As a resident in a neighborhood with an influx of new people that do not know each other, I've notices that one of the great connectors is food; whether it’s in the form of neighborhood bbq’s, community gardens or potlucks...food brings people together.
There are the one time events such as potlucks and bbq's, but then there are things like CSAs, farmers markets, grocery stores, farm shares and community gardens whose focus is food with repeat engagement that grows community.
Community Sustained Agriculture (CSA) is a food share program. Members typically pay at the beginning of a season pay an upfront fee to purchase seasonal fresh vegetables (sometimes, fruit, meat, eggs and dairy, depending on the CSA) from local farmers. Members are required to volunteer during the season. Typically the the volunteer shift is about three hours with two or three other people providing time to talk to one another. The food pick up that occurs weekly. This process creates a repeat event where the same group of people come together around food. In the process, people share recipes, stories, catch up and meet one another. http://www.justfood.org/csa It is open to anyone who is interested in joining.
Farm shares. Dennis Derryck’s Corbin Hill Road Farm is creating a new model of addressing fresh food access in underserved neighborhoods. It’s similar to a CSA in that it is a food share program with produce coming from local farms, however it does not require volunteering and the payment structure is more flexible taking into consideration the problem of cash flow. This model of food distribution also is centered around a weekly/monthly food pick up based on the season at distribution points that include trusted neighborhood institutions such as churches. The cost structure is also is based on ability to pay. With more affluent members paying more and accepting food stamps. The long term goal in this iteration of the model is to allow participants to buy a share in the physical farm creating an added value to the participants and vesting interest. It is open to anyone who is interested in joining.
Farmers Markets. Creating a farmers markets also creates a space for neighbors to co-miingle and meet one another. The trick to making it work is providing food that is relevant to the neighborhood by figuring out what people like to eat and cook and understanding the price point. In terms of making sure that people can afford to purchase the food at these markets, at least in New York, the markets are finally starting to accept food stamps to help defray the cost of the produce. In terms of location these markets, at least in my neighborhood, occur in parks and in front of government buildings. It is open to anyone.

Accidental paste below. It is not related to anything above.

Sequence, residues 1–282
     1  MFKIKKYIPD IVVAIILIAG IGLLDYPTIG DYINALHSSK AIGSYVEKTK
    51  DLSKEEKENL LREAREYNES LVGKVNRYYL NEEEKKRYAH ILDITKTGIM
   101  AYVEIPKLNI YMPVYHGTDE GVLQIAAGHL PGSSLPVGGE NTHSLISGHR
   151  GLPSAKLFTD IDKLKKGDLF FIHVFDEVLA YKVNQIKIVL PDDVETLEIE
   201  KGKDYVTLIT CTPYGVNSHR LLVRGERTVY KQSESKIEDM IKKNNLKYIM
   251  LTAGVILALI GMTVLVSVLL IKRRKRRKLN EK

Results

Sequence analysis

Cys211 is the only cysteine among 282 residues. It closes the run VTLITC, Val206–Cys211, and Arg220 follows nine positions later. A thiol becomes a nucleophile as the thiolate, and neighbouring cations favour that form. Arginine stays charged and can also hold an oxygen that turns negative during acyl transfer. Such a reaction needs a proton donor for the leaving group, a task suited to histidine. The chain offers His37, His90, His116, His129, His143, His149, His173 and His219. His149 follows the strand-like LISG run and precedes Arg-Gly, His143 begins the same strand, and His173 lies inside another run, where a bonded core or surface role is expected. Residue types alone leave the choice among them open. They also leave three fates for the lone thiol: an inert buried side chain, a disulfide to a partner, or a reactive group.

Grocery Stores. Eating areas in grocery stores have become meeting spaces for small community organizations in my neighborhood. Space and where to meet are always an issue if you are not an organization with office space. I do not believe that this was necessarily the initial use of this space, but that is what is happening in that space. Again, it has to be a store that understands the needs of the neighborhood. In our case, the demand for fresh produce at reasonable prices. The affordability of the food makes it a space where social-economic classes interact with one another as well as becoming a neutral ground for meetings. It is open to anyone.
Community Gardens. Community gardens provide a common ground for people to come together from all races, ethnicities, socio-economic backgrounds. I’ve personally been involved revitalizing a local community garden since 2008. It is one of the few spaces in the neighborhood where newer residents and long-time residents can come together towards common goals, planting food and beautifying the neighborhood. A membership for plots (often times a waiting list) and open hours for the public. Finding a garden...
In my case, it’s had a profound impact on my life. The garden that I’m involved in an open (on the weekends) public space has provided me with a way to meet people that I would not have otherwise have known (outside of my networks), grow food, learn what is happening in the neighborhood, understand the history of the land and neighborhood community, and involve me in politics and land use issues around the protection of community gardens and food justice.
I’ve seen the impact the garden has on residents that walk by, whether it is the grandmother walking her grandkid by to show him where a bean is from to residents entering into the garden and reminiscing about their grandparents gardens and farms outside of New York City.
Not only do the community gardens build community, but they also act as a innovation spaces where different types of experiments with growing and composting occur. I could keep going, instead I’ll leave you with a website…
Finally, not only is food engagement great for community building, but a focus on fresh and affordable foods can positively impact the health and wellbeing of the neighborhood.